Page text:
On a handful of past DVD releases, Paramount has gone back to the original VistaVision elements for the remastering: To Catch a Thief, Funny Face and (on Vol. 2 of its Martin and Lewis sets) Artists and Models. All look staggeringly good — superior, in fact, to even Blu-rays of many current-day theatrical releases — and rank high on the list of VV studio titles that are most deserving of BD treatment (along with The Ten Commandments and One-Eyed Jacks). Paramount didn’t go that extra mile here, just one look at the “Mandy” number (featuring all four leads) with its dramatic reds and blacks should answer any questions about how super this Blu-ray looks. As a friend pointed out to me when we were in college, Hollywood phased out three-strip Technicolor in the summer of 1955 (reputedly with Universal-International’s Foxfire), and VistaVision didn’t launch until late ’54. Thus, the number of films that can boast both are very few, and this is one of them.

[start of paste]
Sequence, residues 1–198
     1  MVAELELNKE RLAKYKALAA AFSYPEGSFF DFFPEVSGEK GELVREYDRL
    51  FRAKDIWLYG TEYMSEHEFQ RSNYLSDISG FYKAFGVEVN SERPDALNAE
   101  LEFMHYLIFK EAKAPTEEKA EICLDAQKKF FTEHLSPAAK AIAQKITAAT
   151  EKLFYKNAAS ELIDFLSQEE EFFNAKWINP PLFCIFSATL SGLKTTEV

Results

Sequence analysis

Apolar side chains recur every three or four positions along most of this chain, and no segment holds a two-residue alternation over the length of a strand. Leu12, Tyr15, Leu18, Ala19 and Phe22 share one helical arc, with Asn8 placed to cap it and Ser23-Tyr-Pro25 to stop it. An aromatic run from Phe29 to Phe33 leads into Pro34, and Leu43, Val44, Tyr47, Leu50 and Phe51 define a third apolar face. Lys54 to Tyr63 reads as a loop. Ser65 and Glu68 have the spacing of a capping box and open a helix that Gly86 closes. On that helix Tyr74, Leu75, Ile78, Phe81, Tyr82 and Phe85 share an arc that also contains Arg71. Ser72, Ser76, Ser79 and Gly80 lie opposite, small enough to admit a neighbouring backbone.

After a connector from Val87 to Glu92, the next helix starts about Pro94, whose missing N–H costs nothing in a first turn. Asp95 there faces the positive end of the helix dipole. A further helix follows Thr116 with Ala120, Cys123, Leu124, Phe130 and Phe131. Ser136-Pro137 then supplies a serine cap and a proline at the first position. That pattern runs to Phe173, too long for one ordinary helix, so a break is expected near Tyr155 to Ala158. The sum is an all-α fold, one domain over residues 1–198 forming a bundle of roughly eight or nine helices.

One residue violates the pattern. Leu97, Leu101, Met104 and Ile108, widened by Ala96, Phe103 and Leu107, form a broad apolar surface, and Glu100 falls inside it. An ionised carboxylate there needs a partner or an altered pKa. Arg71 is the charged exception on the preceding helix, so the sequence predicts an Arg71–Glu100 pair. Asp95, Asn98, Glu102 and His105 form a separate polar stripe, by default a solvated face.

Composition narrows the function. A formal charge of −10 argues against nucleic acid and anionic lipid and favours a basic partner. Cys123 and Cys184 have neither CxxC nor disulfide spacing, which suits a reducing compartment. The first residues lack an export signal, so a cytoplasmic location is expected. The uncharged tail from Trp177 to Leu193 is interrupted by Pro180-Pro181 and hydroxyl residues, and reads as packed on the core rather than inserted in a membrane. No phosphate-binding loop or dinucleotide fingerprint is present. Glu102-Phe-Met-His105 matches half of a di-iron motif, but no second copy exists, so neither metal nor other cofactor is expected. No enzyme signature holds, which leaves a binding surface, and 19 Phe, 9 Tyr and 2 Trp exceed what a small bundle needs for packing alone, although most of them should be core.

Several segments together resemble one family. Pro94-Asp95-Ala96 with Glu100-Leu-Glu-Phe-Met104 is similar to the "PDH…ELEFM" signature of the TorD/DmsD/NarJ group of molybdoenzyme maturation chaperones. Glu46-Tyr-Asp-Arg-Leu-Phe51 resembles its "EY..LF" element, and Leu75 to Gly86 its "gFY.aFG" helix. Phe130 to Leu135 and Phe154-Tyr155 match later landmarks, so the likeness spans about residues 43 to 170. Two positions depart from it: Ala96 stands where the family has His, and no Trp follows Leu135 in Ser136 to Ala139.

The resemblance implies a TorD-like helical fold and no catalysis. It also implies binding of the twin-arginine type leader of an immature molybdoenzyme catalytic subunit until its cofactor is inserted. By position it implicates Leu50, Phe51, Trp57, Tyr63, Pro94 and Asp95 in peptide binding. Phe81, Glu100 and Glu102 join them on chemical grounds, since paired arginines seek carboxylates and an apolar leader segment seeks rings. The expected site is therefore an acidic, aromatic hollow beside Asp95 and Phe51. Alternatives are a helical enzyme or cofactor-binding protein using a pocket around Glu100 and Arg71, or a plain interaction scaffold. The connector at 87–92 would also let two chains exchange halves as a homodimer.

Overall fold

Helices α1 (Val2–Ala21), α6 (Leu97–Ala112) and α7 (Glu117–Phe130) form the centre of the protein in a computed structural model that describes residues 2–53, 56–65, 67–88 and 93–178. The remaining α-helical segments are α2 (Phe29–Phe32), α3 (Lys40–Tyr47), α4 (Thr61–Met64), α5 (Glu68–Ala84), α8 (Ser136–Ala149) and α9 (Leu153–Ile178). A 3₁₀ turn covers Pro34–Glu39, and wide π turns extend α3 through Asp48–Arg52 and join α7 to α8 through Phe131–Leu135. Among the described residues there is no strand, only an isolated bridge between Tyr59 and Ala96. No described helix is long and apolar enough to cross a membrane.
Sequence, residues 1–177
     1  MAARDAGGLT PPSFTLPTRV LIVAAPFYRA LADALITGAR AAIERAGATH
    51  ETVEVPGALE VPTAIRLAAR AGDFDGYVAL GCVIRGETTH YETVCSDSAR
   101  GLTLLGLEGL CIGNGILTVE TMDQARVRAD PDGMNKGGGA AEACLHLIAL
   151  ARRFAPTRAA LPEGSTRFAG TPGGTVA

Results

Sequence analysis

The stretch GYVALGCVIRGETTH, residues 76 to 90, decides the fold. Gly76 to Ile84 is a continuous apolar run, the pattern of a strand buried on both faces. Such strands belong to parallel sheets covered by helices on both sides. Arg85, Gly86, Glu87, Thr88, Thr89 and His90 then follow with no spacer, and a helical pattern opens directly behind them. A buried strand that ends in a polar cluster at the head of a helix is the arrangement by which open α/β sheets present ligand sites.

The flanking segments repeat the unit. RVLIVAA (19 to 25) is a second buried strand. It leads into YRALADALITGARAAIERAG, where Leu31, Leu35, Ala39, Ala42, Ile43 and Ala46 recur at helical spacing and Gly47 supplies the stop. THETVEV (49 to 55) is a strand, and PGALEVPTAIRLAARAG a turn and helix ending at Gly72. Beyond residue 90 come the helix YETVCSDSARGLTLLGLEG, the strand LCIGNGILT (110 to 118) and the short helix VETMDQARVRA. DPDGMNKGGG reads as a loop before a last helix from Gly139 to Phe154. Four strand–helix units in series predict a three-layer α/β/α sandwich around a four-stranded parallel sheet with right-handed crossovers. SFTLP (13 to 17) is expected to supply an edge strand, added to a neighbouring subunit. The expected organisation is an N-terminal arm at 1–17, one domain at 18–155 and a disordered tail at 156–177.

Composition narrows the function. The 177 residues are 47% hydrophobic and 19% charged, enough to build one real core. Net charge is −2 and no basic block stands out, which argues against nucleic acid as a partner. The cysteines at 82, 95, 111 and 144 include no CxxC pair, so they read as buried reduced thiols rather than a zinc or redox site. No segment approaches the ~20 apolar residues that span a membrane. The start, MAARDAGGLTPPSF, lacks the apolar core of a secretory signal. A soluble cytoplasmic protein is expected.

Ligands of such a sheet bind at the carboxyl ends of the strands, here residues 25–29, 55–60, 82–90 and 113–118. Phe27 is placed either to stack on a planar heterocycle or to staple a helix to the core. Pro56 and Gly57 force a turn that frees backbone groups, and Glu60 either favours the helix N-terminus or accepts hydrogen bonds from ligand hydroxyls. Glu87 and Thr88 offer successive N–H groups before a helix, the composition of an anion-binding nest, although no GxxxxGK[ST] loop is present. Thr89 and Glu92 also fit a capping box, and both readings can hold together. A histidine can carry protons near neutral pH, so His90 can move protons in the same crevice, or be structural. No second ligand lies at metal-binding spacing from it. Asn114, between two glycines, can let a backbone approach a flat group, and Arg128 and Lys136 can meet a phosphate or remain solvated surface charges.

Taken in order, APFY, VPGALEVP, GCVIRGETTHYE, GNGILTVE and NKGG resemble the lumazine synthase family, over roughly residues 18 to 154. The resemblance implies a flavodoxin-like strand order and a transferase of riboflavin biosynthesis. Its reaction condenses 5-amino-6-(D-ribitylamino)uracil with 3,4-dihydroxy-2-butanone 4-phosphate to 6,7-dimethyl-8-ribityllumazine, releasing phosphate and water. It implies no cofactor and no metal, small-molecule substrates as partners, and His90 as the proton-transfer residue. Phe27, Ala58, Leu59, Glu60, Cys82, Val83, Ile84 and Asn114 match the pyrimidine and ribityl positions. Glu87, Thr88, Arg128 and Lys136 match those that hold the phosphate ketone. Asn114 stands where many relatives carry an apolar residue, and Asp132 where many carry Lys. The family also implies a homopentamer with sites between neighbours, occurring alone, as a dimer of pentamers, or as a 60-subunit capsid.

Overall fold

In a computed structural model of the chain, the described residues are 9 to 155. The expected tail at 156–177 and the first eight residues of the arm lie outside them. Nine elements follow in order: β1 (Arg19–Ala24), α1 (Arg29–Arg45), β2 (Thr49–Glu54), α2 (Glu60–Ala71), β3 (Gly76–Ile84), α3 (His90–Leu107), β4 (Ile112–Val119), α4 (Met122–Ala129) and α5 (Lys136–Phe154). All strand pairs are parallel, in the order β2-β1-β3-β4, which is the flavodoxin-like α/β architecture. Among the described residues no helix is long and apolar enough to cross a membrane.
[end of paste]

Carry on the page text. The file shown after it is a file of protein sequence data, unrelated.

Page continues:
And for another 1954 curiosity: It’s rather startling to think that Christmas, A Star Is Born and The Eddie Cantor Story (which came out so late in ’53 that it’s sometimes regarded as a ’54 release) all featured minstrel shows and/or blackface (though, fortunately, there’s none of the latter here). Clearly times were changing: take it away, Chuck Berry.
Speaking of Bing, Infinity Entertainment has just brought out a second volume of his restored TV specials — this time a $29.98 box set of Christmas shows, including the posthumous 1977 airing he did with David Bowie. What’s more, Universal has just issued a six-pack of 1933-47 Crosby Paramounts it has long controlled (for $49.98. I’m about to dive into both.
But speaking of Bing combined with Motion Picture High Fidelity, let’s not forget that High Society (released by MGM but now controlled by Warner) was photographed in VistaVision as well. I’m waiting, I’m waiting.